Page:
The Aristocracy of Victimhood

Sunday, 10 March, 2019

Jonah Goldberg nails it when he points out that “we’ve turned victimhood into a source of incredible cultural power to the extent that some people, like Jussie Smollett, make a perversely rational choice to turn themselves into victims because they know that if they can pull it off, they’ll gain status, fame, and money as a result.” Goldberg notes that it’s not always so cynical, but The Aristocracy of Victimhood calls out this shabby racket:

“The aristocracy of victimhood can be seen everywhere if you train your eyes to see it (don’t get me started on the new push for reparations). And the corrupting power of this cultural shift is profound. Because we’re not just heaping praise on victims, we’re investing extra legitimacy to their ideas and arguments. If we as a culture want to say that the Pale Penis People can’t wear sombreros or cook Korean food, I’ll pound away at my keyboard about how stupid that is. But ultimately, that idiocy falls under the loosey-goosey rubric of fashion and manners. If we’re going to start saying that victims’ ideas are “more right” simply because the people spewing them are victims, then we are committing a kind of civilizational suicide. I don’t care if you spent your youth at the bottom of a pit putting the lotion in the basket when commanded to, you’re still wrong if you tell me two plus two equals seven.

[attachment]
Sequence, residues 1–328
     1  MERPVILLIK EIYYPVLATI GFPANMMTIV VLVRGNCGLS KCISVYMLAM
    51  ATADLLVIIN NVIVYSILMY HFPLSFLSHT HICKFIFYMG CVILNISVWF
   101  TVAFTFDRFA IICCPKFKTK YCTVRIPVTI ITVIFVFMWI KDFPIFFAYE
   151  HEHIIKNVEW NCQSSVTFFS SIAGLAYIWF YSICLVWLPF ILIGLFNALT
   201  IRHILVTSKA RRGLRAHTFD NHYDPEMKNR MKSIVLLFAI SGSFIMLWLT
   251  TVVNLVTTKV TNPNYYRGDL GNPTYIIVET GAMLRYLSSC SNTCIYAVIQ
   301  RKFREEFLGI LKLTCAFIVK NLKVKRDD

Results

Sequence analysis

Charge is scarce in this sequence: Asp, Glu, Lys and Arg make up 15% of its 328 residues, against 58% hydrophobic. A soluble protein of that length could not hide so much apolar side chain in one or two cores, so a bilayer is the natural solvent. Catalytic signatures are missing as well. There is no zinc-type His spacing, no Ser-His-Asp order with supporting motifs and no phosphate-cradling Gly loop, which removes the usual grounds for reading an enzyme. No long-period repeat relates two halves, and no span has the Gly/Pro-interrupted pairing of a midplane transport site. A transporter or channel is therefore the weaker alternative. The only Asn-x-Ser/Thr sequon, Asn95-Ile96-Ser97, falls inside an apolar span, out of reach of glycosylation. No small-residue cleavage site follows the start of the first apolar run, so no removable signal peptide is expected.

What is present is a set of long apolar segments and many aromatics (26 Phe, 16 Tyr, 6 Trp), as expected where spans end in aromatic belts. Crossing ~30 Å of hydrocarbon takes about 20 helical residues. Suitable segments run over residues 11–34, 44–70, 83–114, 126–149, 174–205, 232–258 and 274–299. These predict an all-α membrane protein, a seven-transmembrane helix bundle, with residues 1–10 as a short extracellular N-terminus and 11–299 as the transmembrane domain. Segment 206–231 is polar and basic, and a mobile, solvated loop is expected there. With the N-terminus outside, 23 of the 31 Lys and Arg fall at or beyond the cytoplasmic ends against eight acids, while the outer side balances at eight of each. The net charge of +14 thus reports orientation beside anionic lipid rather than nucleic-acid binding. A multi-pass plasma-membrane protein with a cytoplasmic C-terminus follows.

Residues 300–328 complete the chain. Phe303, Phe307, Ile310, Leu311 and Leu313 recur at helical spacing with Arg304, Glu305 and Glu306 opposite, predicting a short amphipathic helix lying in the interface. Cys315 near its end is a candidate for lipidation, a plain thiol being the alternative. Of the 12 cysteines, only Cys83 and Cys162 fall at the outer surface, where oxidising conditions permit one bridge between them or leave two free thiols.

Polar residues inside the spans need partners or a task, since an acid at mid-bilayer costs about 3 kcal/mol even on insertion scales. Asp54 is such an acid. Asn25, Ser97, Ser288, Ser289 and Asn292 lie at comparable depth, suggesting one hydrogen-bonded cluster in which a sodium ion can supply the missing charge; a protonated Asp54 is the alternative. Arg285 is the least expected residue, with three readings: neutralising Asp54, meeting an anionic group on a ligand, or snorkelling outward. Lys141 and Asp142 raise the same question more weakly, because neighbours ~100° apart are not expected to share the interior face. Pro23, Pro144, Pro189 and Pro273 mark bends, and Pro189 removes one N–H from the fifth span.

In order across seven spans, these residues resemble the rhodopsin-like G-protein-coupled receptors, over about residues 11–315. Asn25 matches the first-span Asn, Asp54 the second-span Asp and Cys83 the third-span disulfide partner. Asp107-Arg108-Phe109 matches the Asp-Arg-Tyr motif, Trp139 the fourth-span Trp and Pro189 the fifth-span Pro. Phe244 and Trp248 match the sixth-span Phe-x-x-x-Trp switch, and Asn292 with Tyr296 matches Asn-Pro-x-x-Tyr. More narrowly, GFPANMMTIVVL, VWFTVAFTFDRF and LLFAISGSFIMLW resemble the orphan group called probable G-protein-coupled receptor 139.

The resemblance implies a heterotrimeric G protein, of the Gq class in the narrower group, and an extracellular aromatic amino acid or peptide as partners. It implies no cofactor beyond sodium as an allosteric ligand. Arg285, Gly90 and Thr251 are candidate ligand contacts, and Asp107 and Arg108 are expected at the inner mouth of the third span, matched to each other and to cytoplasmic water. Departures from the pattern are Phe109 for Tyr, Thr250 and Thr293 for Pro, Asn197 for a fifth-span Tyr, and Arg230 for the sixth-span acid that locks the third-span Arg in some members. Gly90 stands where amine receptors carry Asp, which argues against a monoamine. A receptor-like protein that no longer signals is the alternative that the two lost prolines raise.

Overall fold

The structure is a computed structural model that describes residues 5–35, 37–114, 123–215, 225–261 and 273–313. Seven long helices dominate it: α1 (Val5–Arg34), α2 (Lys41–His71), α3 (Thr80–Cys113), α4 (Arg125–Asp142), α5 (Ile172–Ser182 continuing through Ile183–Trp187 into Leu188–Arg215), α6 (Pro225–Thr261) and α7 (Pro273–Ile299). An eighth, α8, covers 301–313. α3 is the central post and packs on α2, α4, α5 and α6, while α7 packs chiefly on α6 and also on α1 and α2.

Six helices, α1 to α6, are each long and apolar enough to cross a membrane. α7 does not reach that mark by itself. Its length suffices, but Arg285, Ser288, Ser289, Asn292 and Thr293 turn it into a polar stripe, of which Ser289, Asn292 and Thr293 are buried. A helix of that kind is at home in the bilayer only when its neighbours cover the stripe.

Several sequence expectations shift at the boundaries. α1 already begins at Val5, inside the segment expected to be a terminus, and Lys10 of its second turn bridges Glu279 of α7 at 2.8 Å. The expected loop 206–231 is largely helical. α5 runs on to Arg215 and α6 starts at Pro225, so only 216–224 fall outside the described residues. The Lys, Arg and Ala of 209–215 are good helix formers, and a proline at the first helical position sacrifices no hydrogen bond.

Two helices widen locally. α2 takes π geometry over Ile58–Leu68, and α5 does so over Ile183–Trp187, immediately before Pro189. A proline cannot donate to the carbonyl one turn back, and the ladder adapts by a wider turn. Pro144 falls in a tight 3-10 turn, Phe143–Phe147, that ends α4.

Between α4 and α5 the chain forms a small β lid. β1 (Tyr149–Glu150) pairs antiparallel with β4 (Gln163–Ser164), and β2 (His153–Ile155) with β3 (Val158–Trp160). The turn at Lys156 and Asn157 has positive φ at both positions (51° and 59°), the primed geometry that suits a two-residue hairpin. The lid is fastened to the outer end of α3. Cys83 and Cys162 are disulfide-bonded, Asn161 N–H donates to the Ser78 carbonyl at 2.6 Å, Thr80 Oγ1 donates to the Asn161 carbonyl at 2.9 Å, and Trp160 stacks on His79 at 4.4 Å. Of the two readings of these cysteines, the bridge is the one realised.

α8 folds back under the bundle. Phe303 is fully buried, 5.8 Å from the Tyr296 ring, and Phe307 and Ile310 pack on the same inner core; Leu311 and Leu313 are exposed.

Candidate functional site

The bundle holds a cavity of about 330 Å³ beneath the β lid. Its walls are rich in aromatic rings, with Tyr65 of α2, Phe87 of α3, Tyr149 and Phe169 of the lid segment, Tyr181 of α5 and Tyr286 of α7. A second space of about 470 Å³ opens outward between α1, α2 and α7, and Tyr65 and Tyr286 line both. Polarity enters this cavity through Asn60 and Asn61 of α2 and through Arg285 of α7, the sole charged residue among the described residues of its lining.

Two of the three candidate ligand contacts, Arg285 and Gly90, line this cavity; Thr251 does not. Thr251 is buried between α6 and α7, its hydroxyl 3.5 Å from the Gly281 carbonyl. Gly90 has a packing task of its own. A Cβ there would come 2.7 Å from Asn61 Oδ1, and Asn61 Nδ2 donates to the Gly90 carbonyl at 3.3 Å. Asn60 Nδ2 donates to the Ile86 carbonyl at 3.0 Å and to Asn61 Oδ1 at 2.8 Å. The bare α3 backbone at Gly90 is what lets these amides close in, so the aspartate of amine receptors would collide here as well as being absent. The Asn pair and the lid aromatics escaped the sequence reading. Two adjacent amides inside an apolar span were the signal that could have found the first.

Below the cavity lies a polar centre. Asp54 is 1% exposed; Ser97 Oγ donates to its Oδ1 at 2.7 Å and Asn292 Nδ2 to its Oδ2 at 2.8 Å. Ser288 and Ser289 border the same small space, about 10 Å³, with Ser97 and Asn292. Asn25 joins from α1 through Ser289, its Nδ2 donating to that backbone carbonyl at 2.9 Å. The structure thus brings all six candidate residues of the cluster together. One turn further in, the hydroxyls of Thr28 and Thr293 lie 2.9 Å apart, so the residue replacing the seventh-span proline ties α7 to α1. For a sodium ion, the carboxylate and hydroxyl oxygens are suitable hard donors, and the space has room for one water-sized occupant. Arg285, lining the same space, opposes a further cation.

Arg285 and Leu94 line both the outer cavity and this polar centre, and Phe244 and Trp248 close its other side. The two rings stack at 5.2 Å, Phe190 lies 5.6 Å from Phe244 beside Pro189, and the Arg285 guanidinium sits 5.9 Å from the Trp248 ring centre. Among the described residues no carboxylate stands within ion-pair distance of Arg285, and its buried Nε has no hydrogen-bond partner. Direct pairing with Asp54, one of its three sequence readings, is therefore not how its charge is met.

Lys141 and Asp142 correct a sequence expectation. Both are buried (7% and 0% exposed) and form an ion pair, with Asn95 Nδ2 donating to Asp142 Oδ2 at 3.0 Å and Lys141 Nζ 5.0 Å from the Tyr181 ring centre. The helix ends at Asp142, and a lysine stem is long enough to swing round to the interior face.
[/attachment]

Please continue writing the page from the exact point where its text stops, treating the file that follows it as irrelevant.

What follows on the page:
If anti-Semitism is wrong, it shouldn’t matter how bad Ilhan Omar’s childhood was. If racism is wrong, it doesn’t become less wrong if a survivor of Auschwitz says something racist.”


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